Judiciary Democrat: 'Most of us have been led to the position that an impeachment inquiry is warranted'

Judiciary Democrat: 'Most of us have been led to the position that an impeachment inquiry is warranted'
© Greg Nash

House Judiciary Committee member Rep. Jamie RaskinJamin (Jamie) Ben RaskinDemocrats seek to ban federal spending at Trump businesses Warren introduces universal child care legislation Dem committees win new powers to investigate Trump MORE (D-Md.) said Wednesday that an impeachment inquiry into President TrumpDonald John TrumpConway defends herself against Hatch Act allegations amid threat of subpoena How to defuse Gulf tensions and avoid war with Iran Trump says 'stubborn child' Fed 'blew it' by not cutting rates MORE is "warranted."

Raskin cited the Trump administration's "aggressive obstruction" of congressional attempts to get information in a number of congressional subpoenas

Raskin, asked by The Washington Post whether a majority of the caucus was on board yet with impeachment, said it was "hard to know."


"Hard to know, but this conversation is built into the committee system," he said. "We are intimately familiar with the president’s aggressive obstruction of the congressional fact-finding function," he added. "So most of us have been led to the position that an impeachment inquiry is warranted."

Raskin added that he believes there should be an impeachment inquiry based on "overwhelming evidence" presented in special counsel Robert MuellerRobert (Bob) Swan MuellerKamala Harris says her Justice Dept would have 'no choice' but to prosecute Trump for obstruction Dem committees win new powers to investigate Trump Schiff says Intel panel will hold 'series' of hearings on Mueller report MORE's report into Russian election interference and possible obstruction of justice by Trump.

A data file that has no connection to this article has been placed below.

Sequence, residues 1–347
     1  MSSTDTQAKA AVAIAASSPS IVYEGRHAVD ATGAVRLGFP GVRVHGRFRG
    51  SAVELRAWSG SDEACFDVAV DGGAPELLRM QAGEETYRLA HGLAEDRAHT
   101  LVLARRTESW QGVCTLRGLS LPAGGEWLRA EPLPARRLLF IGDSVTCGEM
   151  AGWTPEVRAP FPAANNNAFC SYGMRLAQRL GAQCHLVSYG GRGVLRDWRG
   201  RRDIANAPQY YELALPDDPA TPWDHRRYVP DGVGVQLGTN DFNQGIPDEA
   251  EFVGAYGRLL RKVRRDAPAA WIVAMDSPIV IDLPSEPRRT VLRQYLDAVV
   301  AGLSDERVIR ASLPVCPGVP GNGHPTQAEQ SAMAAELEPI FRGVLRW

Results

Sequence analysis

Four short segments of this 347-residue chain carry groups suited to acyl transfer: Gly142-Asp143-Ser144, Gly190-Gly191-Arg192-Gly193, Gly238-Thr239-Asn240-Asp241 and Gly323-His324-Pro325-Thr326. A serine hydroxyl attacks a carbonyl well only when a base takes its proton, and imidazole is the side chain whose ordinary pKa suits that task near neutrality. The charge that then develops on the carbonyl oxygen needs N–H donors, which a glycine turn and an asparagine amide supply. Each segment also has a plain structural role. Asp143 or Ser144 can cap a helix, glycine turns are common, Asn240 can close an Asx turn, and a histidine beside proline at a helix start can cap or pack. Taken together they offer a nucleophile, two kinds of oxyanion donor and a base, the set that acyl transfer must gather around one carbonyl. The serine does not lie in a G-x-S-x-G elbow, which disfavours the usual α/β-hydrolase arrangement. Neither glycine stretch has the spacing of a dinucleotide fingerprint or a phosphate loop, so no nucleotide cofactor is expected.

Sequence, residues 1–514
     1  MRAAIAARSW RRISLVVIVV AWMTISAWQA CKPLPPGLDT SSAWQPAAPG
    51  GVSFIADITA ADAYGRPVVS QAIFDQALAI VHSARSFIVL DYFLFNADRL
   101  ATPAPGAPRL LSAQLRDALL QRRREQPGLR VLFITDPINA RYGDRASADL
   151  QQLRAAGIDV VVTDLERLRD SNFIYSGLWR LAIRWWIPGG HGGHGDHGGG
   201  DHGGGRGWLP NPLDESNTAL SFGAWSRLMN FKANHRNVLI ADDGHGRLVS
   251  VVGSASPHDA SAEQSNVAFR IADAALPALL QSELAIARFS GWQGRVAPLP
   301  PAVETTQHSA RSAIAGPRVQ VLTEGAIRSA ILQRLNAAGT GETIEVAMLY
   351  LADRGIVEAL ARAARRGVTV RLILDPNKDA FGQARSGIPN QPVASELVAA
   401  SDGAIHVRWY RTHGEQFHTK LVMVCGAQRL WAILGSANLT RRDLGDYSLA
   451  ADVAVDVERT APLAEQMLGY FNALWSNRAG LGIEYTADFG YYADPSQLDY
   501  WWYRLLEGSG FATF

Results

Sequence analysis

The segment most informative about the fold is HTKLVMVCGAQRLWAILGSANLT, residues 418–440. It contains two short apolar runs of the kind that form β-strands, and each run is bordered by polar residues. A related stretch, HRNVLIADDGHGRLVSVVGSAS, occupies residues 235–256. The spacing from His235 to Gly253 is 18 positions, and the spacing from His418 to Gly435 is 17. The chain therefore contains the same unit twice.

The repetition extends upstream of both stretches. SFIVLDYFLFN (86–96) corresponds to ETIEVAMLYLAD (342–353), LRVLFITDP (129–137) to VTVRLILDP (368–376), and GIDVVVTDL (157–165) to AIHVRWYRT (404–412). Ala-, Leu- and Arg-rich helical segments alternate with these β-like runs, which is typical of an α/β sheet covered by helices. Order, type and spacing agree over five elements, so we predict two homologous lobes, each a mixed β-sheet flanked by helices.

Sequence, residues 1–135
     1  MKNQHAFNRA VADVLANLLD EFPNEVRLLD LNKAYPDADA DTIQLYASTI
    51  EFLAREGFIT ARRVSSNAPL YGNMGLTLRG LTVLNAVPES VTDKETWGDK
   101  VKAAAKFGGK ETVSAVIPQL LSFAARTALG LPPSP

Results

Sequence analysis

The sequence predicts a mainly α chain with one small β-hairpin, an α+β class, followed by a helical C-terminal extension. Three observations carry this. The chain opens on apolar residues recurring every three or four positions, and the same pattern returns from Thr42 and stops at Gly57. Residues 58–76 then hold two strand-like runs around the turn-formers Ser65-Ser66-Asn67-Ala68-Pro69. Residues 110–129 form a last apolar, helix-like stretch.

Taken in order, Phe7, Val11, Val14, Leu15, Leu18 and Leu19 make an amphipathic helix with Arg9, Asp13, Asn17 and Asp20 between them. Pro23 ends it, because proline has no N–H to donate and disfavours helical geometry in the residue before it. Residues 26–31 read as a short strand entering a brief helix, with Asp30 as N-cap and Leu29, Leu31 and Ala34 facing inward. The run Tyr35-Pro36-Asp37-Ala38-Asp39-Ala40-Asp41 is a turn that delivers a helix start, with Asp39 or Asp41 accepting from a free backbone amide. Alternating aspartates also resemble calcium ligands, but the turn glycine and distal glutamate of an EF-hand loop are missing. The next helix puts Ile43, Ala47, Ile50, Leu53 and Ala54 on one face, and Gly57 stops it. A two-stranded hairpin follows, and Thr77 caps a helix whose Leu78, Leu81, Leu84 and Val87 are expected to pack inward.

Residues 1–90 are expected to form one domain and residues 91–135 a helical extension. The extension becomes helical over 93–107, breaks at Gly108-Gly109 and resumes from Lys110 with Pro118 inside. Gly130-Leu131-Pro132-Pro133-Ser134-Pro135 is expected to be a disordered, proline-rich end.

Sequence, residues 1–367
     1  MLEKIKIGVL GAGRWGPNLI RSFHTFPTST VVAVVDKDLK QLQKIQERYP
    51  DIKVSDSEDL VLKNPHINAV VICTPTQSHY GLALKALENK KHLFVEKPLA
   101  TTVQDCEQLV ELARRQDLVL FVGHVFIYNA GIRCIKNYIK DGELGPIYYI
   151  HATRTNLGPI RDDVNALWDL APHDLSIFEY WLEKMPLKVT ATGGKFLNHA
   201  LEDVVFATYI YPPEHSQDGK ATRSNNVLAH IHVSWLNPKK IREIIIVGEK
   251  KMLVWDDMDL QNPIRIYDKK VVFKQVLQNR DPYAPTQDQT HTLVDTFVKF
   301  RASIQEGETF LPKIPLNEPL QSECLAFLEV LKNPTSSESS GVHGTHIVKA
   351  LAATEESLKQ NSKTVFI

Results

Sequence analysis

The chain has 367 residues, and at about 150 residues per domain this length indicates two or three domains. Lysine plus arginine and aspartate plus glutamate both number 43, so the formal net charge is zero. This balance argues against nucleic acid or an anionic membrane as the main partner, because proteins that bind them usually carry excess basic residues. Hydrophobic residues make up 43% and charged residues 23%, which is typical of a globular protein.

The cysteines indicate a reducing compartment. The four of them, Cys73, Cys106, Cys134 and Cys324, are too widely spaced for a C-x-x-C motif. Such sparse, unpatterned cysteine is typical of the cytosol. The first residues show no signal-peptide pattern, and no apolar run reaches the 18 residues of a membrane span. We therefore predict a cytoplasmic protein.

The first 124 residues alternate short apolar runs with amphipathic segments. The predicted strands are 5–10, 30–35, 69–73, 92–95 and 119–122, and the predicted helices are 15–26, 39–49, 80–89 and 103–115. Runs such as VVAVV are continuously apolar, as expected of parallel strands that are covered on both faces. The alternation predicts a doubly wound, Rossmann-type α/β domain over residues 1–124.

"Overwhelming evidence has been presented to us in the Mueller report, and outside of it too, of high crimes and misdemeanors, and we should launch an impeachment inquiry," he said. "Remember, an inquiry doesn’t prejudge the outcome. We’re not talking about articles of impeachment." 

House Intelligence Committee Chairman Adam SchiffAdam Bennett SchiffSchiff would support impeachment if White House ignores a final court decision on documents, testimony US finds itself isolated in Iran conflict House Intelligence Committee to subpoena Trump associate Felix Sater MORE (D-Calif.) said Tuesday that he believes the case for an impeachment inquiry is "getting stronger" as the administration continues to "stonewall" Congress.

His comments come after the Trump administration rejected several congressional subpoenas in recent weeks.

Last week, the White House rejected a House Judiciary Committee subpoena for oversight records. The Treasury Department also defied a congressional demand for Trump's tax returns, and, on Tuesday, former White House counsel Don McGahn did not appear to testify before the House despite a subpoena. 

Schiff, who was once skeptical of impeachment, said Sunday that impeachment could be a "tool" to gain information. 

An impeachment inquiry is an investigation and is not an impeachment floor vote to bring charges against the president.